Every awesome golf swing you’ve ever admired began with establishing a proper golf stance before ever swinging the club.
Fans and pros alike are captivated by the perfect swings showcased on the PGA Tour, but very few recognize that these results are attainable for many through working on our stances.
After reviewing the actionable golf tips provided in the video above and digesting this article, you too can begin crafting a proper golf stance that achieves winning results on the golf course and the driving range.
Often when an individual takes the plunge into the exciting sport of golf, it may be lost upon them exactly how important their golfing stance relates to the end result of their swing.
Even the most novice golfer can make the needed adjustments to their swing setup that will ensure the golf ball travels as they intend, often with only minimal time spent on doing so.
Because players new to golf have yet to develop many of the negative routines that plague a more experienced golfer, establishing a proper stance quickly can be done much easier.
When establishing your golf stance for the first time, golfers must remember the realities of the sport.
Many first time players take a passive approach to their swing stance, which tends to be a neutral stance, as an individual would assume while using a broom rather than ripping a golf ball down the course.
Without overexertion, players must approach their swing with the intention of utilizing their entire body to send the golf ball sailing.
Now clearly all power found in the perfect swing does not simply generate through having a proper golf stance, but preparing a proper setup beforehand establishes the conditions needed to effectively utilize every other aspect of our bodies during the swing.
The angle of our spine as it relates to the form we take during a golf swing has a strong impact on how well (or bad) the golf ball travels down course.
Golfers are encouraged to always do what comes natural for them and their bodies, thus angling their spines cannot be done in a way that contradicts the other movements in a golf swing.
There are 3 specific forms of postures that golfers assume while setting up their swings: C Posture, S Posture and Neutral Posture.
Golfers that level their hips and round out their backs at address have assumed the C Posture position.
An arched back with hips that exhibit pronounced tilt indicate a golfer with the S Posture set up.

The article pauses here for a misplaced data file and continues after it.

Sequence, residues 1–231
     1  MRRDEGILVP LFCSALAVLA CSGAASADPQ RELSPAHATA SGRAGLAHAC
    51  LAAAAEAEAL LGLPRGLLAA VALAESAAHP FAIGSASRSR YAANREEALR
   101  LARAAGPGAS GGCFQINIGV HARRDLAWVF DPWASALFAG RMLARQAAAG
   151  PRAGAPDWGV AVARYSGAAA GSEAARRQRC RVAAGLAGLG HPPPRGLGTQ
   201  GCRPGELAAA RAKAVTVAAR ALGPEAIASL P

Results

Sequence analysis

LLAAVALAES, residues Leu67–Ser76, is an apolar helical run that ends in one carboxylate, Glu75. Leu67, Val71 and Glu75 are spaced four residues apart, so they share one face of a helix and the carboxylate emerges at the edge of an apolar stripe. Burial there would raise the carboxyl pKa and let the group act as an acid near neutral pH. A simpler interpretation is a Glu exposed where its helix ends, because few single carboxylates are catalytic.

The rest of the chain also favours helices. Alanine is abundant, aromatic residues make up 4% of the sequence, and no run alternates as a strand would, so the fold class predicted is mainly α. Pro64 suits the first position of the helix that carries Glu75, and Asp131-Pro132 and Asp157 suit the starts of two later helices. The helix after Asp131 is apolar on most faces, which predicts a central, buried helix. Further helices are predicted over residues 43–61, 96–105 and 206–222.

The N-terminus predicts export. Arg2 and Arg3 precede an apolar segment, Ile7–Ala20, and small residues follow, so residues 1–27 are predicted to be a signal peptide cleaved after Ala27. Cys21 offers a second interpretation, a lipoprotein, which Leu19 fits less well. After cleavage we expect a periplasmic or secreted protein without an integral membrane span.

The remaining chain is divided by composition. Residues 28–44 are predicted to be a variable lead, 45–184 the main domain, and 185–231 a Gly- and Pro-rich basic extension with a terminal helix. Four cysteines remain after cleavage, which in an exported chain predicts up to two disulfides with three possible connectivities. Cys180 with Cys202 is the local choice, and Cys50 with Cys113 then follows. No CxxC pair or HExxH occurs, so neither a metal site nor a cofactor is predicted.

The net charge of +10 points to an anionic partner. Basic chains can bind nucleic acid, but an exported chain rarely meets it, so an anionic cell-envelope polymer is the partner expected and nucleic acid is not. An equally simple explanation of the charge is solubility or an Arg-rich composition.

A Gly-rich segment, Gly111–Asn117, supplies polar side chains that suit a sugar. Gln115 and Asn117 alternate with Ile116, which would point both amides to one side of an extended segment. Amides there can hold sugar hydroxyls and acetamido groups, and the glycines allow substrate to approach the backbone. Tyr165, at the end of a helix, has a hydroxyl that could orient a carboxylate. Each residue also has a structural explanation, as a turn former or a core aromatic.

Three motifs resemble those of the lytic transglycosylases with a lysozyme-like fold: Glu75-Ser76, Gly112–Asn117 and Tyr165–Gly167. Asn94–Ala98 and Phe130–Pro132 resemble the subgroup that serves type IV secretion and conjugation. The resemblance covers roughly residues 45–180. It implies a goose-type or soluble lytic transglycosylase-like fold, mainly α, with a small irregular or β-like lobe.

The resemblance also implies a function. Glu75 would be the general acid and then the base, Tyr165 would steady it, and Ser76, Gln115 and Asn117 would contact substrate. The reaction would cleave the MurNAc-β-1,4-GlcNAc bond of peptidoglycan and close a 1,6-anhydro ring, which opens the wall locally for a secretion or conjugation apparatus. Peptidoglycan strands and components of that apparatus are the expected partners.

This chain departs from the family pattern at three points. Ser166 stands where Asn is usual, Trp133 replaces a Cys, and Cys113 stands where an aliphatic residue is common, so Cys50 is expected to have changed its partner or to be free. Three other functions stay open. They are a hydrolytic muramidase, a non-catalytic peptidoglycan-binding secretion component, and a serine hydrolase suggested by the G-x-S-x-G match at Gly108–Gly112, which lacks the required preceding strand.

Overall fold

The Neutral Posture typically incorporates elements from both C and S Postures, with golfers straightening their backs and tilting their hips.
Almost all golfers have difficulty assuming the Neutral Posture position when first crafting their initial golf stance.
The best way that golfers can achieve this neutral position comes through practicing exaggerated versions of both the C Posture and S Posture.
Practicing both C and S postures better assists golfers in finding the Neutral Posture that effectively balances the other two.
Finding the posture that best suits your body will naturally deliver better results, rather than forcing through your golf swing with a posture that makes you uncomfortable.
Depending on your own physical limitations, the postures depicted in the C or S may not work effectively for your strengths and weaknesses as a golfer.
Being mindful of what these limitations are, a golfer can then work between the postures to produce a proper golf stance that creates comfort through their swing while producing the intended results with the golf ball.
The best way to tell if the posture you exhibit during your swing stance works comes through practicing shots at the driving range or on the golf course.
Putting in the effort to experiment with our swing setups will produce results in the long run, and usually takes little time to achieve.
Several adjustments can be made to our backswing that may have either negative or positive impacts on our overall swing, depending on the golfer.
There are multiple absolutes in our backswing set up regarding alignment, swingplane, and how tall we take our swing that must be properly executed in order for the rest of our golf swing to produce the intended results.
Due to an infinite amount of strengths and weaknesses each golfer may have in their body, we will review proven backswing drills that expand driving distance and power for any player able to implement them into their golf swing.
The heading may be a bit of a flawed statement as the perfect backswing for some players will not be a one size fits all swing for every golfer.
Part of creating the perfect backswing requires experimentation in finding what works best for your play style and body type.
While nearly zero golfers produce an identical backswing to the next, there are undeniable commonalities that make up effective backswings, and those that also can be found in flawed golf swings.
Most golf pros get their club on a level plane with their body weight, seeing the club travel slightly to the right, in what typically consists of a seamless one piece takeaway.
Equally important, golfers naturally hinge their wrists as the club raises higher above their head, with the player actively leveling the golf club’s weight.
Most golfers will take note of the straightness that remains in their left arm with a relative flatness taken in their left wrist, as their right elbow aims downward towards the turf, with nearly all of their weight balanced onto the right side of their body.
One of the most crucial elements of our entire golf swing, a proper takeaway can be the deciding factor in executing a poor or proper shot.
With our upper body acting in unison, our golf club must operate independently, finally striking out as it becomes parallel to our intended target.
Having a flawed golf swing takeaway, which typically results from our club traveling either too far inside or outside, will always require the golfer to make last minute adjustments as the club reaches the top portion of our backswing.
Golfers may notice a slight turn in the wrists towards the right side of their body as their clubhead opens upon, which leads to the sensation of our body weight transferring to our trail leg, allowing our hips to open up as needed.